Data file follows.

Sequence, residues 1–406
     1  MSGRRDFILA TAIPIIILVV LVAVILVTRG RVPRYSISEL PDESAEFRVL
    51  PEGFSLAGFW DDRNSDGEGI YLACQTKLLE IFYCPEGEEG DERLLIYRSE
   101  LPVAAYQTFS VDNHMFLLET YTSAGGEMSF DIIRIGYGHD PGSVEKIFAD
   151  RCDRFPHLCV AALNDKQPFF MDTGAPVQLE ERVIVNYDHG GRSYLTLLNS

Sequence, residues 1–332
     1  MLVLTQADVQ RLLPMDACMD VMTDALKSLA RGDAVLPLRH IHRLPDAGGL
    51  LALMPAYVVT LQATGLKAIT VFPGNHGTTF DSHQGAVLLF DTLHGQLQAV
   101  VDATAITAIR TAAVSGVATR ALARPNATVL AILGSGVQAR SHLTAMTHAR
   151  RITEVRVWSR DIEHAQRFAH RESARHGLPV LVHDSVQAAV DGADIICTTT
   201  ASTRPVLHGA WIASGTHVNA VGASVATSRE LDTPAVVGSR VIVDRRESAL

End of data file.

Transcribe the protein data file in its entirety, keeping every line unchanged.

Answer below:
Sequence, residues 1–406
     1  MSGRRDFILA TAIPIIILVV LVAVILVTRG RVPRYSISEL PDESAEFRVL
    51  PEGFSLAGFW DDRNSDGEGI YLACQTKLLE IFYCPEGEEG DERLLIYRSE
   101  LPVAAYQTFS VDNHMFLLET YTSAGGEMSF DIIRIGYGHD PGSVEKIFAD
   151  RCDRFPHLCV AALNDKQPFF MDTGAPVQLE ERVIVNYDHG GRSYLTLLNS

Sequence, residues 1–332
     1  MLVLTQADVQ RLLPMDACMD VMTDALKSLA RGDAVLPLRH IHRLPDAGGL
    51  LALMPAYVVT LQATGLKAIT VFPGNHGTTF DSHQGAVLLF DTLHGQLQAV
   101  VDATAITAIR TAAVSGVATR ALARPNATVL AILGSGVQAR SHLTAMTHAR
   151  RITEVRVWSR DIEHAQRFAH RESARHGLPV LVHDSVQAAV DGADIICTTT
   201  ASTRPVLHGA WIASGTHVNA VGASVATSRE LDTPAVVGSR VIVDRRESAL